When an employee is injured at work, the obvious goal is recuperation. No one likes to see people they care about in pain. And from a business standpoint, the hope is that the faster the worker recovers, the faster they can resume their duties. Sometimes, part of the healing process means taking on light-duty roles until recovery is complete.
But what happens if your employee works in an industry short on these roles? Do they have to take more time away from work until they are at 100 percent?
According to Business Insurance, some employers are exploring alternate return-to-work programs, which may be especially beneficial for employees who work in construction or other labor-intensive fields. The report states the off-site programs allow workers with medical restrictions to:
- Stay productive.
- Slowly acclimate to work again.
- Get paid.
- Remain covered by their employer's benefits (e.g., Workers' Compensation Insurance).
Essentially, the programs place recuperating employees in nonprofits to help out, and the employer continues paying the worker. Let's look at this return-to-work solution in more detail and see when the option may be worth exploring.
Why Light-Duty Assignments Are a Win-Win for All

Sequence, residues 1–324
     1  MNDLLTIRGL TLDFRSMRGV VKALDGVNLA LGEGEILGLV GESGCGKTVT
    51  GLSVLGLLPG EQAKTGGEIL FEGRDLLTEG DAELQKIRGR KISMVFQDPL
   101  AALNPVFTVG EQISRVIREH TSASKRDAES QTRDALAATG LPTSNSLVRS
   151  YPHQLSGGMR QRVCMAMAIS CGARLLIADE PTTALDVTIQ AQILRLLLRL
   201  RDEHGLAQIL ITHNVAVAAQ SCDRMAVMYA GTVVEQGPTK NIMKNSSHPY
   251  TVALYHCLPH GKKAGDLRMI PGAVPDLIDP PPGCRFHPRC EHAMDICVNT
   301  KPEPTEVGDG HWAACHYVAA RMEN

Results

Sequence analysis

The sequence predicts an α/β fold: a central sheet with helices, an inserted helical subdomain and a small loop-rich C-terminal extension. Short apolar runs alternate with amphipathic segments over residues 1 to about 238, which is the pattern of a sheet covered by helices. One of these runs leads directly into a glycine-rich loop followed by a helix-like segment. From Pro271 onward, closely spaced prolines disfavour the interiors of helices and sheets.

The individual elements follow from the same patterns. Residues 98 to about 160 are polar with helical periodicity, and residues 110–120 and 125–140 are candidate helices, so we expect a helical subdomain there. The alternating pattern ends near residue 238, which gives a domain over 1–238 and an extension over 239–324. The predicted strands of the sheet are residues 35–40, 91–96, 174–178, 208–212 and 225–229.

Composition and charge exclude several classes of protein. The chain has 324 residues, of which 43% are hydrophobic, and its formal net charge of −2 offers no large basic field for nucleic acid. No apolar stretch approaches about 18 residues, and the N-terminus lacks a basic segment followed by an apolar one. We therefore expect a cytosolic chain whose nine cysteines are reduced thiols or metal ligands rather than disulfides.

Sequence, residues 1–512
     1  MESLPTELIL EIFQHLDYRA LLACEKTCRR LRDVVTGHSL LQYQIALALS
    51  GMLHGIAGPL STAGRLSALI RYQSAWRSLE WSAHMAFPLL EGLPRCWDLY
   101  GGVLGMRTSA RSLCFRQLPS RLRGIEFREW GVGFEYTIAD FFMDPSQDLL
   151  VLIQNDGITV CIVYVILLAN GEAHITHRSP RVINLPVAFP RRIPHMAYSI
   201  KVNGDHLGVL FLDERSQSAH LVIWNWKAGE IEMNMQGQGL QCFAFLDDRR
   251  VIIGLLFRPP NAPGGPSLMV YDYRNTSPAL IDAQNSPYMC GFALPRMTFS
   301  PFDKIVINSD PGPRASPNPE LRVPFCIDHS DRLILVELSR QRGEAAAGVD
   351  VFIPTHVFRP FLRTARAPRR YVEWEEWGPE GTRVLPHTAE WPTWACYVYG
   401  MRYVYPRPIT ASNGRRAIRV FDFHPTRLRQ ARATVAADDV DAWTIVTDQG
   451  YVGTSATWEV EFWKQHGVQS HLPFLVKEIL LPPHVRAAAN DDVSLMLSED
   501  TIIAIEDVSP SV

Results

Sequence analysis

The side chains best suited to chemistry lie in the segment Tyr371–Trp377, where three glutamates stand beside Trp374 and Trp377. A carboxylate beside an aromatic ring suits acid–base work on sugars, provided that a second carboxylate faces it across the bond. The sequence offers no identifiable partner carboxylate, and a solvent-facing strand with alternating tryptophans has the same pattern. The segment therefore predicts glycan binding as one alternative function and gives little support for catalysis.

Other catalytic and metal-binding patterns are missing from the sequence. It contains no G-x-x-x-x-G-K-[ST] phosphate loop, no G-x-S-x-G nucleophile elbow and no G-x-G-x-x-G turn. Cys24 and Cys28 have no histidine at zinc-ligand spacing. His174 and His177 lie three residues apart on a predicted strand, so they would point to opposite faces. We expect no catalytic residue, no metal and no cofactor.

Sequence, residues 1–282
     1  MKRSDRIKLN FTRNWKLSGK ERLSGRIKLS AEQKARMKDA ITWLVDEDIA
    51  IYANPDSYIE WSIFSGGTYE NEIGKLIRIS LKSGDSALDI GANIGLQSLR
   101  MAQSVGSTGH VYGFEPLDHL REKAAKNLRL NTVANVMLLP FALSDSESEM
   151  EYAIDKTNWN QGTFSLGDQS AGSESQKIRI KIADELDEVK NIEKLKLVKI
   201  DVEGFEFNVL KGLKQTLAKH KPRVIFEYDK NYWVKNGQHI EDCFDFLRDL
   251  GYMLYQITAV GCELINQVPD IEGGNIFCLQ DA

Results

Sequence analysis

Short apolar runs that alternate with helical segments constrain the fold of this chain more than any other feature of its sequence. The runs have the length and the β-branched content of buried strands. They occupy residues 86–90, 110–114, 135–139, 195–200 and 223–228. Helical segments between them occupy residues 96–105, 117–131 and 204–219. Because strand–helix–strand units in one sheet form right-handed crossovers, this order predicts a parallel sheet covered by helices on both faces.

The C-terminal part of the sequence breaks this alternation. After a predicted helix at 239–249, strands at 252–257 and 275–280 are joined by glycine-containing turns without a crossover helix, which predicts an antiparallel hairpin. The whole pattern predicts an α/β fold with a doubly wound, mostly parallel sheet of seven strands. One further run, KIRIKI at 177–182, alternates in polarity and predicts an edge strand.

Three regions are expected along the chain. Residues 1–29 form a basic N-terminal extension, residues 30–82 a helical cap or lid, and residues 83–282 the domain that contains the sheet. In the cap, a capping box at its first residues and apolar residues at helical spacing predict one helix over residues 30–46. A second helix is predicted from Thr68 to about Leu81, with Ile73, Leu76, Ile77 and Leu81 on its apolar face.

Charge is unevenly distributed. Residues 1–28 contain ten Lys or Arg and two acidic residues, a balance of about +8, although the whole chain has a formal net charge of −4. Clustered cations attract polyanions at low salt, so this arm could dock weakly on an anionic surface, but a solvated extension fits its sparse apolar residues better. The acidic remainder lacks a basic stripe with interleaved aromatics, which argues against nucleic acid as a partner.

One light-duty option is to enroll your employees in nonprofit work. But as an employer, you might wonder what's in it for you? Why pay your employee to do volunteer work?
The nonprofit work solution is viable if your business doesn't have light-duty assignments to offer. The logic is that giving injured employees light-duty work at nonprofits improves the chance they will return to their work at your business sooner. In fact, the Business Insurance report states one preliminary study found these programs improve the chance of an employee returning to work by 37 percent.
Plus, there's a host of intangible benefits, such as…
- Improving employee morale in light of a serious physical accident.
- Helping out nonprofits and those in need.
To learn more about the role you play in your employee's recovery, read "Workers' Comp Investigation Offers Small Businesses a Reminder to Communicate."
Where Workers' Compensation Insurance Fits into the Equation
Most states require employers to carry Workers' Compensation Insurance (you can find out your state's requirements in our Workers' Compensation Laws by State guide).
If an employee is injured while carrying out their work, this policy can help pay for:
- Medical expenses, such as surgeries, ambulance rides, office visits, and prescriptions.
- Wage replacement / disability benefits, which can typically cover two-thirds of the employee's pay when an occupational injury leaves the employee temporarily or permanently disabled.
- Death benefits, which can help provide support to dependents after a fatal work injury.
You can learn more about Workers' Compensation coverage in the post "What Do Workers' Comp Benefits Cover?"
Every state has different laws governing Workers' Comp, so what you can and can't require of an employee following an accident may depend on where you live. As the report notes, Alabama, California, and Maine allow employers to require injured workers accept an alternative return-to-work offer, lest they lose their wage benefits. However, Workers' Comp can still pay for medical expenses regardless of whether or not the employee accepts the alternate assignment.